AAS 207th Meeting, 8-12 January 2006
Session 6 Black Holes: Winds, Blobs, Screams and All
Poster, Monday, 9:20am-7:00pm, January 9, 2006, Exhibit Hall

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[6.06] Constraining Black Hole Spin with X-ray Spectroscopy

L.W. Brenneman, C.S. Reynolds (U. Maryland, College Park)

Because black holes cannot be observed directly, what we know of the spacetime immediately surrounding the event horizon must be gleaned through indirect methods. One of the most telling diagnostic tools currently employed for this purpose is the observation of relativistically broadened X-ray spectral lines emitted from the inner regions of the accretion disk surrounding the black hole. By fitting the data with established models, we can obtain best-fit values for the parameters governing the line broadening mechanisms. In particular, evaluating the angular momentum of a black hole against its other environmental parameters could provide valuable information about the nature of the accretion mechanism, as well as the structure and evolution of the black hole/accretion disk system.

The publicly available models currently being used for such fits have become out of date to the point where they are inadequate for modeling high-quality data from observatories such as Chandra and XMM-Newton. I have revised these existing models to speed up the run time of the code and have added a free parameter describing black hole spin. The new model, known as {\tt kerrdisk}, is currently being applied to a sample of very high signal-to-noise XMM and Chandra data. Herein I present the fitting results for the canonical Seyfert-1 galaxy MCG--6-30-15, thought to harbor a black hole of near-maximal spin based on the observed breadth of the Fe-K line emitted from its disk. Above 2 keV the system is very accurately described by a power law continuum, a narrow cold iron line at 6.4 keV, a narrow ionized H-like iron line at 6.9 keV, and a highly broadened iron line centered at ~6.5 keV with a spin parameter of a > 0.9.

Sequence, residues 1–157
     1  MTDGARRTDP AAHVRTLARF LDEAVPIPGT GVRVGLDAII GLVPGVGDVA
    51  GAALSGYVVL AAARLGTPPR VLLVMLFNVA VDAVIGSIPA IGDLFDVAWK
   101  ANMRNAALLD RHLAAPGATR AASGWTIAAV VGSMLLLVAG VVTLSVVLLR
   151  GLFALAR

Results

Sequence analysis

We gratefully acknowledge funding from NSF grant AST0205990, which has contributed to this research.

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